S&P warns SA over its R500bn coronavirus stimulus package
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JOHANNESBURG - S&P Global Ratings has warned that South Africa’s R500 billion coronavirus stimulus package could widen the country’s debt burden to unsustainable levels and weaken an already depressed economy.
The ratings agency on Friday maintained its negative sovereign credit rating for South Africa at sub-investment grade with a stable outlook, citing a weak fiscal position, contingent liabilities and the multibillion-rand economic recovery package.
S&P assessed South Africa’s long-term foreign-currency rating at BB-, three notches below investment grade, with a stable outlook.
S&P analysts led by London-based Ravi Bhatia said in a report that South Africa’s fiscal deficit could widen to an all-time high of 13.3 percent of gross domestic product (GDP) this year.
In February, Finance Minister Tito Mboweni forecast that the consolidated Budget deficit would widen to 6.8 percent of GDP this year, or R370bn. “South Africa’s fiscal position remains weak, and a Covid-related shrinking economy, lower government revenues, and a large fiscal package have further exacerbated existing fiscal problems,” S&P said.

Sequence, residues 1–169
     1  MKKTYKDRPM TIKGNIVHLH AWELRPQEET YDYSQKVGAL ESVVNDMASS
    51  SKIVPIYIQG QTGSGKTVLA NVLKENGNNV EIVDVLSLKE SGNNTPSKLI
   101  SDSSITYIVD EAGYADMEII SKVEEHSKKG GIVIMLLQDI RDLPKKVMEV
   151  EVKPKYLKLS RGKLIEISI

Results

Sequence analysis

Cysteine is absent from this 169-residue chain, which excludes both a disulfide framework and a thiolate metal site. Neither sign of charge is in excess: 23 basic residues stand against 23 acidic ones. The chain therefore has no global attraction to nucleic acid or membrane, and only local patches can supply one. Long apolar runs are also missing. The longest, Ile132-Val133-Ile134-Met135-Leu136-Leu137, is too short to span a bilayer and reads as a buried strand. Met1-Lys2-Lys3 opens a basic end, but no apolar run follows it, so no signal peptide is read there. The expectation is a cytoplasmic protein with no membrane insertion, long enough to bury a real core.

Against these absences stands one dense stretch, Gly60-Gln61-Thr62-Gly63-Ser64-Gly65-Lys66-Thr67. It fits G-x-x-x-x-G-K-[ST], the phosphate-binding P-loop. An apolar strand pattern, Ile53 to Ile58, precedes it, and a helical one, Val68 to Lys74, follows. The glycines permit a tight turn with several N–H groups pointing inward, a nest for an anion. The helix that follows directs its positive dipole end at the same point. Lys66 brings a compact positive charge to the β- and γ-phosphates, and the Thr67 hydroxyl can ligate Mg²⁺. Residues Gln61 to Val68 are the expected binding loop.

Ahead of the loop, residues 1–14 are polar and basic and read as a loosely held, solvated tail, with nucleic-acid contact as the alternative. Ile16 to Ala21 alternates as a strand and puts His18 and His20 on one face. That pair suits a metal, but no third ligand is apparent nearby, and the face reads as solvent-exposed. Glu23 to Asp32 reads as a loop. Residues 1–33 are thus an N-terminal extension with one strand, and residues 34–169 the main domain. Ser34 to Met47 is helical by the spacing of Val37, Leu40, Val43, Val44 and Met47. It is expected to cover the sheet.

The agency slashed South Africa’s debt further into junk territory at the end of April in an out-of-schedule downgrade that took the country to the lowest rating yet.
S&P on Friday said the economy would contract by 4.5 percent this year due to lockdown restrictions, weak external demand conditions and tighter credit conditions.
This would be below the 7 percent GDP contraction forecast by the SA Reserve Bank last week, as the economy was already in a technical recession before the Covid-19 impact.
State-owned enterprises have been a key source of the government’s spending pressure, with the February Budget allocating R67bn towards them for 2020.
The government will set aside at least R10bn further to rescue cash-strapped SA Airways while also providing financial support to the Land and Agricultural Development Bank after it defaulted on its domestic bond notes totalling about R50bn.
Mboweni will next month table an adjustment budget, which will account for the impact of the Covid-19 on the fiscus.
Mboweni will also detail funding plans for the stimulus package, outline a range of economic reform proposals and measures to stabilise public finances. The economic recovery package consists of R130bn reprioritised from the February budget, R200bn of loan guarantees, and tax relief and deferral measures worth R70bn.
A further R130bn would be borrowed from international financial institutions, over and above R230bn of additional spending on health care and municipalities.
The government has defended its R500bn fiscal support package, with the National Treasury, saying that the package, alongside the monetary policy response, would provide substantial support to the economy.
“Government has acted decisively to prioritise the health and lives of all South Africans. It has now adopted a risk-adjusted approach to reopening the economy, with the initial easing of lockdown measures on May 1, 2020, and further easing expected from June 1, 2020,” the Treasury said.
The Treasury late on Friday said S&P’s stable outlook reflected the balance between pressures related to very low GDP growth and high fiscal deficits against the country’s deep financial markets and monetary flexibility.